By Randall Osborne
West Coast Editor
With research programs in the neural, liver and pancreatic areas, StemCells Inc. entered an agreement with an institutional researcher for up to $30 million in equity financing.
Under the terms of the 30-month deal, the company can issue stock to the investor in a series of drawdowns, at a discount to the market price at the time of sale, with proceeds to be used for general corporate purposes.
For the first quarter of this year, StemCells reported a net income of $270,000, compared to a net loss of $1.79 million for the same period last year, with $4.5 million in cash on hand, the same amount as during the first quarter of 2000.
StemCells may be better known as the company that began as a wholly owned subsidiary of CytoTherapeutics Inc., of Lincoln, R.I., which cut back and directed its research toward stem cells after its lead product, an encapsulated cell implant for pain control, failed. London-based AstraZeneca Group plc ended its potential $41 million collaboration with CytoTherapeutics because of disappointing Phase IIb results. (See BioWorld Today, July 12, 1999.)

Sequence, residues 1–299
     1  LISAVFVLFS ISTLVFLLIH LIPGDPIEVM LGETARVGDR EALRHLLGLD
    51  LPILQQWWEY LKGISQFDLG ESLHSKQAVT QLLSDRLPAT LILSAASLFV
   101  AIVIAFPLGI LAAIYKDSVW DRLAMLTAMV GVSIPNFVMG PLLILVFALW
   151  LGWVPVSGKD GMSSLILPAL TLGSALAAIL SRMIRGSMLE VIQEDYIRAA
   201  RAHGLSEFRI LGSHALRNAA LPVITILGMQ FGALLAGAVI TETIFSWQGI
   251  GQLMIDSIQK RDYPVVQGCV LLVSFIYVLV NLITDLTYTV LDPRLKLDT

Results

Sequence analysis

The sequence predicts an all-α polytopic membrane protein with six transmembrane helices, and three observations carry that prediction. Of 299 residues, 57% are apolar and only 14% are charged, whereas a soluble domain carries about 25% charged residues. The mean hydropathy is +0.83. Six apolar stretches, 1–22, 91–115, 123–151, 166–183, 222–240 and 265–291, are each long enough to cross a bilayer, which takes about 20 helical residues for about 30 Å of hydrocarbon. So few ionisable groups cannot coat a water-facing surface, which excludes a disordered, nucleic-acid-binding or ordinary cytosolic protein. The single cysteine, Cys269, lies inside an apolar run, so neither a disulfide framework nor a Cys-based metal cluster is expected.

In January, StemCells said it was selling its investment in Modex Therapeutics Ltd., of Lausanne, Switzerland, and adding personnel in a larger facility in Palo Alto, Calif. Modex was formed as a spinoff from CytoTherapeutics, focused on the encapsulated cell technology. The sale was completed earlier this month. Modex entered a research collaboration last year with Novartis Pharma AG, of Basel, Switzerland. (See BioWorld Today, June 15, 2000.)
In its neural program, StemCells is looking for partners, aiming to use strategic alliances to push preclinical work in neurodegenerative disease and research into genetic disorders. In its liver program, the company is focused on injury, cancer and hepatitis, and wants to isolate and patent the stem cells. The pancreas program, in which patents also will be sought, targets Type I diabetes.
The company¿s stock (NASDAQ:STEM) closed Friday at $2.53, down 16 cents.